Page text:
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The only "demigod" I know who would apply would be Dionysus in Greek mythology who had to prove his divinity but didn't need other gods to raise him up to godhood. Are there any others like him in any mythology?

  • Hi and welcome to M&F SE, please take some time to take our tour. Interesting question, but it may just need some details on how you want to choose the answer between the many that may arise. – Calaom Jul 11 at 7:30
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Heracles is one of the most famous characters in Greek Mythology who transcended from being a demigod to a god. Throughout his life, Heracles faced constant trials, many of them concocted by Hera due to her hatred at Zeus' interactions with Heracles' mother (a mortal woman).

The story of Heracles' death begins with a centaur who attempted to kidnap Heracles' wife, Deianira, and was slain by her husband's wrath. In the centaur's dying breath, he gave Deianira the blood-stained tunic which he wore and told her that it was, essentially, a love potion for Heracles.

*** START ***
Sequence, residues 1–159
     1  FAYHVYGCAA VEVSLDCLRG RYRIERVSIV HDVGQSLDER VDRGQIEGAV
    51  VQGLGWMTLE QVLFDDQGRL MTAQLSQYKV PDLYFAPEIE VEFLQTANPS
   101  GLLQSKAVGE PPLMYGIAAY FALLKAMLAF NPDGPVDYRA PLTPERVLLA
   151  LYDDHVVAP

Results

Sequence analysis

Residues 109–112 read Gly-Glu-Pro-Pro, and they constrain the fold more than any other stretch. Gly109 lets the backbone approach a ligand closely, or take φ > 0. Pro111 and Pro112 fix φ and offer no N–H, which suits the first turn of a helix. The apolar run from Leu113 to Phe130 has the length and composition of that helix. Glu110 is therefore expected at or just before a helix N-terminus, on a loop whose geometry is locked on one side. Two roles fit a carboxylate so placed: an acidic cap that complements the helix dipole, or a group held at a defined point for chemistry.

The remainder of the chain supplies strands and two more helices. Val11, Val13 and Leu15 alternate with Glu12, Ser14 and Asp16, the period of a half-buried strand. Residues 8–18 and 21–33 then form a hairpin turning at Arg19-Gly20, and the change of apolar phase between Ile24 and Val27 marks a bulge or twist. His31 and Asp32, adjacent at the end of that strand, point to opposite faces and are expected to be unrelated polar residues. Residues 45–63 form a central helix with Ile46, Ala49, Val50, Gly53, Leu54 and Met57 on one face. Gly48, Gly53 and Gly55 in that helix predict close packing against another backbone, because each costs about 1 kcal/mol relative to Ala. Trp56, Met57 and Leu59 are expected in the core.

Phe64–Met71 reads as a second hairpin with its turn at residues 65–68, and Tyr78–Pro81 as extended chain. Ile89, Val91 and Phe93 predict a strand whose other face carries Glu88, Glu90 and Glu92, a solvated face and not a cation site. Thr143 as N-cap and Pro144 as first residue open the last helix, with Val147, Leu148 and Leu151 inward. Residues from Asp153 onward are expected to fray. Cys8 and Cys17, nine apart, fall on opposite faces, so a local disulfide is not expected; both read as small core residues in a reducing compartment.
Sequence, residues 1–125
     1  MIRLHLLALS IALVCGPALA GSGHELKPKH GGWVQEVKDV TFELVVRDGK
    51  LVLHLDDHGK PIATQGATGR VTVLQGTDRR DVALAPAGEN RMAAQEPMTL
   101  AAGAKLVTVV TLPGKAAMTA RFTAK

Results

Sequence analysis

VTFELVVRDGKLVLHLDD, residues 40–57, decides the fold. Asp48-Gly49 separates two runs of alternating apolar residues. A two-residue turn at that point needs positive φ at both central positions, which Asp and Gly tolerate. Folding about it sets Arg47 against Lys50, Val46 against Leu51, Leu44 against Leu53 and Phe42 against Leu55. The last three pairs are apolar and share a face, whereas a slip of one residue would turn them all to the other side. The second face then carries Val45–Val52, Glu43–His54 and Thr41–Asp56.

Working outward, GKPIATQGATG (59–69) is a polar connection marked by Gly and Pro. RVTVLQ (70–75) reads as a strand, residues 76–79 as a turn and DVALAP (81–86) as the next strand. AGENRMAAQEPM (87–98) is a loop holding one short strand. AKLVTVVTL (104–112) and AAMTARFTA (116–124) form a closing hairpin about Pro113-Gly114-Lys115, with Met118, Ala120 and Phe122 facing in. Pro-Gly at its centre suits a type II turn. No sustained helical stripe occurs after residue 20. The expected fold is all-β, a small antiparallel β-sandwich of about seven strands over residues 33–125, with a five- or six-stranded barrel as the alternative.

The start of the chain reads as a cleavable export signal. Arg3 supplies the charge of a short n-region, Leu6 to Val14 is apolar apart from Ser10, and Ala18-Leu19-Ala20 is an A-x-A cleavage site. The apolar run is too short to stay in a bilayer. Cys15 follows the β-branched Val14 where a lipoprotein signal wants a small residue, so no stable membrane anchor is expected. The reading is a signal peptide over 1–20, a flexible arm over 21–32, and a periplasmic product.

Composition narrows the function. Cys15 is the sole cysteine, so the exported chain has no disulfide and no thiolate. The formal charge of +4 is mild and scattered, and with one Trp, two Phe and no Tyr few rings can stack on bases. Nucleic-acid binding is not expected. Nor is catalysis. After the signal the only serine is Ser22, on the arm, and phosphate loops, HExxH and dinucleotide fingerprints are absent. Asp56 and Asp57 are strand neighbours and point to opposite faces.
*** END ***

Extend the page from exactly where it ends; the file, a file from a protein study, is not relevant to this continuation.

Years passed, and Deianira heard rumors that Heracles may have had a rival lover. Not knowing any better, Deianira gave her husband the tunic, thinking it would rekindle his love for her. Instead, the tunic (soaked in the centaur's blood which had been tainted by the Hydra's poison from Heracles' arrows) caused the skin to consume away on Heracles' body. He writhed in agony, and as a last resort to end the pain, he ordered a pyre be ignited to be burned upon.

As he died, he left his mortal body behind, and his immortal spirit drifted to Mount Olympus where he became fully divine. It may not have necessarily been his power that caused his transcendence, but it could very well have been the case. He wasn't raised by other gods, instead, he fought against them to earn his place among the Olympians because of of his strength and willpower.

See Also: The Death of Heracles

  • Hi, nice answer, could you space it up a bit and add some link to sustain the informations you gave? – Calaom Jul 11 at 13:28
  • Sure! No problem! – Koios Jul 12 at 0:06
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    Nice answer. You may find this post interesting: What is the meaning of Hercules' self-immolation?. I'd say it was definitely Heracles' power than led to his immortality--he'd already defeated Death and so could not die! Once they separated the mortal part from the divine, his body could finally expire. – DukeZhou Jul 12 at 21:26
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    PS- feel free to integrate the note on the Alcestis into your answer! I replaced your reference link with the wiki, which is more accurate and non-commercial. All of the basic info is correct and consistent. – DukeZhou Jul 12 at 21:29

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